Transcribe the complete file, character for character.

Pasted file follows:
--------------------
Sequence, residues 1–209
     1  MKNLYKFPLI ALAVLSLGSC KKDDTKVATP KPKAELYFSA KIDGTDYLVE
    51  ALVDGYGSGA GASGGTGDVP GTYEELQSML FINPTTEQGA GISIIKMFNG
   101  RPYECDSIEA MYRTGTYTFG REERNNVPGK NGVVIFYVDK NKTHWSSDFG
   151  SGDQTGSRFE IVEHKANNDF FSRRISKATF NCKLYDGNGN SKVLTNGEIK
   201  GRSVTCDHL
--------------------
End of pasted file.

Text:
Sequence, residues 1–209
     1  MKNLYKFPLI ALAVLSLGSC KKDDTKVATP KPKAELYFSA KIDGTDYLVE
    51  ALVDGYGSGA GASGGTGDVP GTYEELQSML FINPTTEQGA GISIIKMFNG
   101  RPYECDSIEA MYRTGTYTFG REERNNVPGK NGVVIFYVDK NKTHWSSDFG
   151  SGDQTGSRFE IVEHKANNDF FSRRISKATF NCKLYDGNGN SKVLTNGEIK
   201  GRSVTCDHL